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Remembering Why We Do It

By Jordan Walsh


Here are the basics of what I do as one half of the Assistant Directing team for Sweeney Todd.  My biggest task is to be a sounding board for Lisa (the director), and to offer ideas and a new perspective for her.  Second, Dave (the other assistant) and I will be staging the first scene of Act II, "God That's Good."  For this task, we'll block the scene, give it a basic shape on stage, and give the actors a solid framework to play on. 


Dave and I will also be running the understudy rehearsals, so that the ensemble members can get a taste of the roles they will fill if, God forbid, one of our other actors gets hurt.  Other than that, we just do whatever it is that we can to make Lisa's life as the director of this mammoth show as easy as possible.  And sometimes I just get to observe.


Yesterday, for example, I watched Lisa stage "Kiss Me Parts I &II."  I had a little conversation with Mike and Ashley -- who play Anthony and Johanna, the leads in this scene -- beforehand. We talked about basic acting stuff (objectives, obstacles, etc.), but mostly I just observed Lisa working.  The scene didn’t involve anything too difficult as far as the staging or interpretation went, but I had a great time watching Lisa, Mike, and Ashley working together.  It was one of those moments when all the stress and work of the theatre fell away, and I was able to just enjoy the pleasure of it.  


Every once in a while, I forget the pleasure of the craft.  There’s no denying that theatre is hard work for everyone involved, and sometimes you can get so caught up in the hard work of producing good art.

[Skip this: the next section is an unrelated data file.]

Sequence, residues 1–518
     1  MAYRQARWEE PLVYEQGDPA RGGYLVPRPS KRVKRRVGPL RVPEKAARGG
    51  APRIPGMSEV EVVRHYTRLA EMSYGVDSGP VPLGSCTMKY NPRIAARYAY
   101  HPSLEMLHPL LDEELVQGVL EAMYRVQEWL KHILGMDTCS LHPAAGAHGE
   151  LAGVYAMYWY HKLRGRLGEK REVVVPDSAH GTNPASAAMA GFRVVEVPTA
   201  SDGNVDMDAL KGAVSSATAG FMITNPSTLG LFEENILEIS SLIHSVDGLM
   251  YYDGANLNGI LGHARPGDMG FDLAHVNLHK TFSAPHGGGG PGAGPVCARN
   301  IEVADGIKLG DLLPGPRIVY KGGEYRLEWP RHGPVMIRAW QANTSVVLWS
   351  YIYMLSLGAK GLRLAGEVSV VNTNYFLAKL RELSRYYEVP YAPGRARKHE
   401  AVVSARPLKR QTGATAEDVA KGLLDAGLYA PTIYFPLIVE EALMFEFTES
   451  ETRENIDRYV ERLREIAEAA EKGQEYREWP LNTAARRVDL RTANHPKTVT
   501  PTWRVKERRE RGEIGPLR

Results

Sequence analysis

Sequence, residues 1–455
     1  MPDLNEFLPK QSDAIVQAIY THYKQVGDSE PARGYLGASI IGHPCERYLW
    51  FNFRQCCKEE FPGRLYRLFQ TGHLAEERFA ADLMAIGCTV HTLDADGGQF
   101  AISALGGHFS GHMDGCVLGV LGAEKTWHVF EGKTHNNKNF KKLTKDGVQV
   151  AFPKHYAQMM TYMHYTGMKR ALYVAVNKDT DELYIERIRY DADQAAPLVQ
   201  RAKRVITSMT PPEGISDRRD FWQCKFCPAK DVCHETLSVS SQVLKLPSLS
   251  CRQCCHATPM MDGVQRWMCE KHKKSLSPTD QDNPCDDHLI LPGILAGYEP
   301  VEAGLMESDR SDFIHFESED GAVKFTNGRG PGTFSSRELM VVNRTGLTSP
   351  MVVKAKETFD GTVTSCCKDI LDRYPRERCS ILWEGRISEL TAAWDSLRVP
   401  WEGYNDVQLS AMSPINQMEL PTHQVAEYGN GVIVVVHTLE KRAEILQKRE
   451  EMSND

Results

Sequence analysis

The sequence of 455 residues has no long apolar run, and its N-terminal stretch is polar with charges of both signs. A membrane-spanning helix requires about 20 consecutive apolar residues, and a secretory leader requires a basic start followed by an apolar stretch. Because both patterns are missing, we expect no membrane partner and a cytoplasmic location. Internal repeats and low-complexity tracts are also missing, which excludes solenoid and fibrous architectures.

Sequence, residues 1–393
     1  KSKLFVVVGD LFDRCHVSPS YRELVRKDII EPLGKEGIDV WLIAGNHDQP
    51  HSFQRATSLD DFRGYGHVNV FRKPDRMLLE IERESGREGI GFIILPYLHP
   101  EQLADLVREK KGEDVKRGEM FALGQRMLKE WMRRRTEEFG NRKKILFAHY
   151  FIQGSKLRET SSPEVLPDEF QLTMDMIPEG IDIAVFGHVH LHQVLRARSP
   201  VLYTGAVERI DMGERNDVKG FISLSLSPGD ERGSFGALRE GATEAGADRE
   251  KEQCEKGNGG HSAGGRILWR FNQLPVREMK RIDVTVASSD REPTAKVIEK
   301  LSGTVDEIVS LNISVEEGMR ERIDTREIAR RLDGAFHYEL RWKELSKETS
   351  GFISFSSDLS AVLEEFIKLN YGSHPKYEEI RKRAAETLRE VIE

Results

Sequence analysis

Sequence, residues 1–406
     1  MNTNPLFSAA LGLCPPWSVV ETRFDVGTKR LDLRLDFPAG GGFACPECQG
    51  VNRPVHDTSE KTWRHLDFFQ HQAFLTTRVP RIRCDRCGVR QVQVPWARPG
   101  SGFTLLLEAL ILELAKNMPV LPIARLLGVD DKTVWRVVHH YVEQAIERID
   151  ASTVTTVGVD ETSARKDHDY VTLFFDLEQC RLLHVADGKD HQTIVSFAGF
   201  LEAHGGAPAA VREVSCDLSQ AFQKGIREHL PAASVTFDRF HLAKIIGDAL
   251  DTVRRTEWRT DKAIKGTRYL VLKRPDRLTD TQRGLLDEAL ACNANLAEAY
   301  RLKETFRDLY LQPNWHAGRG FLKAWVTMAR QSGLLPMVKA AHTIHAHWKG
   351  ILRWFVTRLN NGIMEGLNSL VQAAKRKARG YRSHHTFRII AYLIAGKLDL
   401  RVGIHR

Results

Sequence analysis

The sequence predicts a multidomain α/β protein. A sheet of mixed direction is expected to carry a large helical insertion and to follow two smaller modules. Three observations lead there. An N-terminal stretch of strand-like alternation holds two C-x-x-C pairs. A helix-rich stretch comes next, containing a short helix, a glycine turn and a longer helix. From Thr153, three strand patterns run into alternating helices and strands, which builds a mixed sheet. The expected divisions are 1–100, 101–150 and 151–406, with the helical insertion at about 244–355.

I’ve been working hard trying to prepare myself to stage “God That’s Good” (which is terrifying and exciting and will most likely be extremely challenging), trying to keep up with my 16 credit work load, working on the beginning of my BPhil thesis, and showing up to rehearsal five nights a week.  So it’s fair to say that I’ve been pretty busy, and for a couple of days I forgot why I love doing this work.

 
Watching Lisa, Mike, and Ashley exploring the hilarious, goofy, and illogical love of Anthony and Johanna was really great for me.  I forgot about the insanely challenging task of putting up a show like Sweeney Todd, stopped thinking too much about how balanced the space was, stopped being too picky and judgmental about diction and intention, and so on, and I allowed myself to revel in the pleasure of being in that space with those people in the act of creation.  


I love those moments.

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Jordan Matthew Walsh is a senior Theatre Arts/Fiction Double Major.  His Assistant Directing credits include The General of Hot Desire under Joanna Getting (Pitt). His Directing credits include The Zoo Story (Pitt), Krapp's Last Tape (Pitt) and King Lear (Oakland Shakespeare Co.).  He will be directing Cleansed by Sarah Kane next March at Pitt, and he will be assistant directing PICT's The Mask of Moriarty in December under Alan Stanford.